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CVE-2021-26855, CVE-2021-26857, CVE-2021-26858, CVE-2021-27065: Four Zero-Day Vulnerabilities in Microsoft Exchange Server Exploited in the Wild

Four zero-day vulnerabilities in Microsoft Exchange servers have been used in chained attacks in the wild.

Update March 8, 2021: The Identifying Affected Systems section has been updated with information about the availability of additional plugins as well as a link to our blog post that details them.


On March 2, Microsoft published out-of-band advisories to address four zero-day vulnerabilities in Microsoft Exchange Server that have been exploited in the wild.

CVE Vulnerability Type CVSSv3
CVE-2021-26855 Server-Side Request Forgery (SSRF) 9.1
CVE-2021-26857 Insecure Deserialization 7.8
CVE-2021-26858 Arbitrary File Write 7.8
CVE-2021-27065 Arbitrary File Write 7.8

In a blog post, Microsoft attributes the exploitation of these flaws to a state-sponsored group it calls HAFNIUM. The group has historically targeted U.S.-based institutions, which include “infectious disease researchers, law firms, higher education institutions, defense contractors, policy think tanks, and NGOs,” according to the Microsoft blog. Researchers at Volexity also published a blog post about this attack, referring to it as Operation Exchange Marauder.

The vulnerabilities affect the on-premises version of Microsoft Exchange Server. Microsoft Exchange Online is not affected by these vulnerabilities.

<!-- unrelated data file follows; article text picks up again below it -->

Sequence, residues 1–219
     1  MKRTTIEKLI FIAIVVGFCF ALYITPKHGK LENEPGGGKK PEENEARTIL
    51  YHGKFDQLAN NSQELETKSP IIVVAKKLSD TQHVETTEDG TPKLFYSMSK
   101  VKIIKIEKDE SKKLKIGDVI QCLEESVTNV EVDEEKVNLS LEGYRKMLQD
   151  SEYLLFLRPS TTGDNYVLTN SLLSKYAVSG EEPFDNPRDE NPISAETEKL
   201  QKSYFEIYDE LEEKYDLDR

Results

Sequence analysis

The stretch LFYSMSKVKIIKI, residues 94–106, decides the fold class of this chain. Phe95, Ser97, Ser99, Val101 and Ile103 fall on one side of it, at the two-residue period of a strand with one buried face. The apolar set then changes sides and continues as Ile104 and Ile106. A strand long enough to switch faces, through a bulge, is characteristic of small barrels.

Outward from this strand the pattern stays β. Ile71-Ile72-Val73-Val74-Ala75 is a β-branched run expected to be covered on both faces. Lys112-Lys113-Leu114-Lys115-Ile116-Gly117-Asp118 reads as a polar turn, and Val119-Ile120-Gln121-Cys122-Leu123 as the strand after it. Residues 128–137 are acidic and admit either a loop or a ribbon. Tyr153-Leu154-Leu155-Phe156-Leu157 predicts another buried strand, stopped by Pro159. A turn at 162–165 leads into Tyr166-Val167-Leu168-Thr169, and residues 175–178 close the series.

CVE-2021-26855 is a SSRF vulnerability in Microsoft Exchange Server. An unauthenticated, remote attacker could exploit this flaw by sending a specially crafted HTTP request to a vulnerable Exchange Server. In order to exploit this flaw, Microsoft says the vulnerable Exchange Server would need to be able to accept untrusted connections over port 443. Successful exploitation of this flaw would allow the attacker to authenticate to the Exchange Server.

Volexity, one of three groups credited with discovering CVE-2021-26855, explained in its blog post that it observed an attacker leverage this vulnerability to “steal the full contents of several user mailboxes.” All that is required for an attacker to exploit the flaw is to know the IP address or fully qualified domain name (FQDN) of an Exchange Server and the email account they wish to target.

CVE-2021-26857 is an insecure deserialization vulnerability in Microsoft Exchange. Specifically, the flaw resides in the Exchange Unified Messaging Service, which enables voice mail functionality in addition to other features. To exploit this flaw, an attacker would need to be authenticated to the vulnerable Exchange Server with administrator privileges or exploit another vulnerability first. Successful exploitation would grant the attacker arbitrary code execution privileges as SYSTEM.

CVE-2021-26858 and CVE-2021-27065 are both arbitrary file write vulnerabilities in Microsoft Exchange. These flaws are post-authentication, meaning an attacker would first need to authenticate to the vulnerable Exchange Server before they could exploit these vulnerabilities. This could be achieved by exploiting CVE-2021-26855 or by possessing stolen administrator credentials. Once authenticated, an attacker could arbitrarily write to any paths on the vulnerable server.